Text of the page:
Because of the large additive effect on sedation, patients who ingested more than one sedative drug were excluded from further analysis. The outcomes analysed were whether patients were stuporose or comatose on presentation and the mean Glasgow coma and McCarron scores. The differences in potency between benzodiazepines were adjusted for by converting the amount (mg) ingested to defined daily doses.8 To investigate the strength of the associations between temazepam and oxazepam and the main clinical outcomes we calculated the odds of outcome in those exposed and those not exposed. Odds ratios were adjusted for age, sex, coingestion of alcohol, chronic benzodiazepine use, and dose ingested by logistic regression by using maximum likelihood or an exact method.9
During 1991–3, 542 patients with benzodiazepine poisoning presented to this hospital, 239 of these patients, however, had ingested either more than one benzodiazepine or coingested other sedating drugs. The drugs ingested by the remainder were temazepam (64), oxazepam (45), diazepam (113), clonazepam (24), flunitrazepam (21), nitrazepam (18), others (18). Table I compares the characteristics of patients ingesting these drugs.
Oxazepam was less and temazepam was more sedating than other benzodiazepines with significance obtained for oxazepam in both the unadjusted and adjusted analyses (table II). (In the analysis of coma the odds ratios were adjusted for fewer variables as the others were not needed.)
Our results show that there are differences between temazepam, oxazepam, and other benzodiazepines in the degree of sedation they cause in overdose, and the observed differences are not due to confounding by age, sex, dose ingested, coingestion of alcohol, chronic benzodiazepine use, or history of drug or alcohol abuse. This provides a plausible explanation why temazepam and oxazepam have different fatal toxicity indices from other benzodiazepines.3
The sedation produced by benzodiazepines in therapeutic doses and overdose has a poor correlation with measured drug concentration but is increased with rapid absorption.1 10 11 12 Temazepam is more rapidly absorbed and oxazepam is more slowly absorbed than most other benzodiazepines.1 10 11 12 13 Further research is required to determine if the rate of absorption is different in overdose and is sufficient to explain the differences in sedation. Slowing the rate of absorption may reduce toxicity, but this would also reduce their sedative effect in therapeutic doses.11 Drug regulatory authorities should be aware that changes in formulation of benzodiazepines may affect toxicity in overdose.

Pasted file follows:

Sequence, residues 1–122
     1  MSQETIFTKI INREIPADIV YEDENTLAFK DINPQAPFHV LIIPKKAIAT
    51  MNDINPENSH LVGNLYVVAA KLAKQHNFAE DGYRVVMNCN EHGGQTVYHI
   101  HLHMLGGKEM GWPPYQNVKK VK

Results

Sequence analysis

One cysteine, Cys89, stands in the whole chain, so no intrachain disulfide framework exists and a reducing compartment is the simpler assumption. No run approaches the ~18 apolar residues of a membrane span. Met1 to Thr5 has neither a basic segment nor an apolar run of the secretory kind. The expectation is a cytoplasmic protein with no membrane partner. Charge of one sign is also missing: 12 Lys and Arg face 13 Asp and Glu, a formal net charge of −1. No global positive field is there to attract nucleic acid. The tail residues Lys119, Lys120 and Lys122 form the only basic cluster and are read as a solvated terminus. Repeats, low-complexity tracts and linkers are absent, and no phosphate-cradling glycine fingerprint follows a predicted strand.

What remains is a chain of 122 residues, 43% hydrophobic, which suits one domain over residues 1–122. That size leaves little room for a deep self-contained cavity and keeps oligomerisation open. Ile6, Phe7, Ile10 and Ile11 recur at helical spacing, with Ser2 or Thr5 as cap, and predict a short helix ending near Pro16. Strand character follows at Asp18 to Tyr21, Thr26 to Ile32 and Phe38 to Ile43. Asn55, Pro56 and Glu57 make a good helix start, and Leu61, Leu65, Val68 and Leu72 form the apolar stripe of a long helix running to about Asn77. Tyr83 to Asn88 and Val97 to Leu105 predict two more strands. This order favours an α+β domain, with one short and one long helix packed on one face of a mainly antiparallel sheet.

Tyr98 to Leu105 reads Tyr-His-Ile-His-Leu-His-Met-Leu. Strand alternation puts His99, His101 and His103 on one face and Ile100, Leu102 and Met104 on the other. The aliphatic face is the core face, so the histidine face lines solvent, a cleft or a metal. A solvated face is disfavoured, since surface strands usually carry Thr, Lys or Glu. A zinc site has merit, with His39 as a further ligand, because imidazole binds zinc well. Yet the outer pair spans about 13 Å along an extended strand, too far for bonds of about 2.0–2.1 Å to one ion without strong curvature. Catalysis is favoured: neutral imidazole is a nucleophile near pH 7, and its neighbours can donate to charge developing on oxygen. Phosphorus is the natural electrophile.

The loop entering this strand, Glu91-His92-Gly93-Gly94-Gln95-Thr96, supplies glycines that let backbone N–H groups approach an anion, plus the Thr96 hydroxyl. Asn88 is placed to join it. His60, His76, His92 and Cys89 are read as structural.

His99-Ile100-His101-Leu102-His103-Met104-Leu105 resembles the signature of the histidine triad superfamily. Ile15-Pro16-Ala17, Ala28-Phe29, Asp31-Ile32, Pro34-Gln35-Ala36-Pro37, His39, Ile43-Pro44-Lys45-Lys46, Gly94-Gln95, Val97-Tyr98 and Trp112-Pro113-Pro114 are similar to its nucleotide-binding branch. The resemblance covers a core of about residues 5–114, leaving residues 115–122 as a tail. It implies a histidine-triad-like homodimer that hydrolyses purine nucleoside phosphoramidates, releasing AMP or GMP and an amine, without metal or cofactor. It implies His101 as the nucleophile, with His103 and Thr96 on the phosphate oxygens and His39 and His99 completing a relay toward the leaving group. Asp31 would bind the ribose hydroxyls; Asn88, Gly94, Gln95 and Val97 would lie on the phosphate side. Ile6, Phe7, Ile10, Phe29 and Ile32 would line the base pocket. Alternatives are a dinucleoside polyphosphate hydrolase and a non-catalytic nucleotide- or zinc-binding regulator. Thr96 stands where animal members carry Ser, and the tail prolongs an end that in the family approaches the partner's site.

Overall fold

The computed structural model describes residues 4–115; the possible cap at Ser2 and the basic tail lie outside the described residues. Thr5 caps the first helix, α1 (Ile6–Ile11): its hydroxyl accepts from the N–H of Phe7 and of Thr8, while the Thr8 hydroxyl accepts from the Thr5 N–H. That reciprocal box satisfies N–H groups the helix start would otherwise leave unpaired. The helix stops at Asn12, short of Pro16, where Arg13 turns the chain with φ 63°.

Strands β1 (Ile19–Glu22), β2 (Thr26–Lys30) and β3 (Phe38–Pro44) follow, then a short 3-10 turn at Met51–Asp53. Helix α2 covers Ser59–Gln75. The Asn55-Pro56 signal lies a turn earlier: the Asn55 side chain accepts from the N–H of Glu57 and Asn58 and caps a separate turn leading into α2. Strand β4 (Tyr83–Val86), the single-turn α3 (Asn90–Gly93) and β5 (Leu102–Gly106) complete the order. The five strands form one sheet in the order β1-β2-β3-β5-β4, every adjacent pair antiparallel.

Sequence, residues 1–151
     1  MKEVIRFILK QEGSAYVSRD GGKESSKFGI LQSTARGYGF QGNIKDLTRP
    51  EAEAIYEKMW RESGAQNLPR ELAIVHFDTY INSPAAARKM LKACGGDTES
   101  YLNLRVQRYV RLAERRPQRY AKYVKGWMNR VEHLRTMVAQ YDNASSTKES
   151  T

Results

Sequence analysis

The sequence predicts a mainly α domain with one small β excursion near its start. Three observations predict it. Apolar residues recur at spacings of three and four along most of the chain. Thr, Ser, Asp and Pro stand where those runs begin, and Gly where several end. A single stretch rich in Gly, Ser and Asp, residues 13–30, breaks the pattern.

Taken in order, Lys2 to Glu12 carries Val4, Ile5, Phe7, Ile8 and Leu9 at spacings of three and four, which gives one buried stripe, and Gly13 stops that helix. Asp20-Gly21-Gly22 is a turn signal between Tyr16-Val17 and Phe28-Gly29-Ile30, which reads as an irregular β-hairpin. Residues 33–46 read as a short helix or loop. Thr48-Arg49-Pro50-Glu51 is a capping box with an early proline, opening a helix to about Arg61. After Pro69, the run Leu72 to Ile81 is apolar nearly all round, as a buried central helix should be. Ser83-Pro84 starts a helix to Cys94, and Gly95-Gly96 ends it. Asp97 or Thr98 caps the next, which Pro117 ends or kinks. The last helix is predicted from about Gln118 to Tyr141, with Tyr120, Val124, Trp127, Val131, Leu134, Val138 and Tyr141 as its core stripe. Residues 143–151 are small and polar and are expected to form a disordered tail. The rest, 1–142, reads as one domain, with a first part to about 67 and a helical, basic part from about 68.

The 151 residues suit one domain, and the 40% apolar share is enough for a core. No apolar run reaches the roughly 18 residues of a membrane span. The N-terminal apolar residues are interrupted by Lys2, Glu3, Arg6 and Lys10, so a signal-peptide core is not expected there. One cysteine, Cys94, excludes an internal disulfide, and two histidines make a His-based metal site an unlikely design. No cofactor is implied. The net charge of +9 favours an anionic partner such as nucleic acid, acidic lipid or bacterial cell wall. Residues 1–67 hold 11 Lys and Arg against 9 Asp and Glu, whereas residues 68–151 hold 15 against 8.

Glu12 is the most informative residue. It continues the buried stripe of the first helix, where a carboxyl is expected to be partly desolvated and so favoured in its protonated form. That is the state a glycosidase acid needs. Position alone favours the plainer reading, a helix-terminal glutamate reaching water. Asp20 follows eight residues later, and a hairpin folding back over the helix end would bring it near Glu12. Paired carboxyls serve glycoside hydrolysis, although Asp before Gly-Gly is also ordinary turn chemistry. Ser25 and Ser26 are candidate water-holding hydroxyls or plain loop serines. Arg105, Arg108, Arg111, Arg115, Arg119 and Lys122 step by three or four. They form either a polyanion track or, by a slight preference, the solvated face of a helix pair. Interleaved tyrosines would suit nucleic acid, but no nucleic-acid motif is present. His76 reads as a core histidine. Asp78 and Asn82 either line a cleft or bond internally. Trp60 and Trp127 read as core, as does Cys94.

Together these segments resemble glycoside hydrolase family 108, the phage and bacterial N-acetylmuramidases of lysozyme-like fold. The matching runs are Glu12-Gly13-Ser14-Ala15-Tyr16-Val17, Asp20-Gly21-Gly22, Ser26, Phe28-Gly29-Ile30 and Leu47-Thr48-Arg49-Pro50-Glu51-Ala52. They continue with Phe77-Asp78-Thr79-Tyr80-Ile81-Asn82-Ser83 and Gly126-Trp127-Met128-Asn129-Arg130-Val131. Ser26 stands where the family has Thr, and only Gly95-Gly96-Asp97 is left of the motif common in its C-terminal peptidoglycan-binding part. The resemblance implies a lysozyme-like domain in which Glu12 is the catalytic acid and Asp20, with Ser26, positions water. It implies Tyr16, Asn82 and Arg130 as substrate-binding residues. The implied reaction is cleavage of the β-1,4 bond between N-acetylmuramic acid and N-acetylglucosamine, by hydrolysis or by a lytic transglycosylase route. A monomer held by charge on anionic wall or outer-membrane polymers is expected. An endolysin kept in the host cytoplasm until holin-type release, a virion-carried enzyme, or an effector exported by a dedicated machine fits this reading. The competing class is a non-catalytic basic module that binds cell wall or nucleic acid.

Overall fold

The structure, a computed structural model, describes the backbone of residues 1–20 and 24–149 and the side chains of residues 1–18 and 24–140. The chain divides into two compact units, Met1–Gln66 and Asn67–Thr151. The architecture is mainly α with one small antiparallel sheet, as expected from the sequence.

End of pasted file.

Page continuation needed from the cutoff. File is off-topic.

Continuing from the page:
Pharmacodynamic factors such as benzodiazepine receptor affinity and potency may also be important. Because of the wide variations in half life, adjustments for dose by conversion into defined daily doses or diazepam equivalents14 is imperfect. These are designed to compare use rather than potency. Though they correlate reasonably well with sizes of prescriptions and tablets, they may not account for potency pertablet taken in overdose. Differences in potency could also explain the results in both our study and that of Serfaty and Masterton.3
Flurazepam, now rarely prescribed. in the United Kingdom and Australia, had the highest fatal toxicity index of any benzodiazepine (15.0).3 It has also been found to be more sedating in overdose than diazepam and chlordiazepoxide.10 That study and our own support the differences between drugs noted in the fatal toxicity index.3 If the coroners' data on which this index is based are reliable enough to detect small differences in toxicity between drugs then it gives credence to other work based on these data, according to which, temazepam is the sixth most common cause of death attributable to a single drug in the United Kingdom.15 in contrast, there have been only a few deaths directly attributed to benzodiazepine poisoning reported in the medical literature.*RF1, 16, 17* Benzodiazepines are the most common prescription drugs taken in overdose.18 Although all these drugs are much safer than barbiturates and sedating tricyclic antidepressants,3 4 5 they should not be prescribed to patients at high risk of suicide. Differences between benzodiazepines may be relevant when prescriptions are dispensed for depressed or suicidal patients, and appropriate choices may lead to a considerable reduction in lives lost to suicide.
We are grateful to Peter McManus, secretary of the Australian Drug Utilization Subcommittee, for market share data.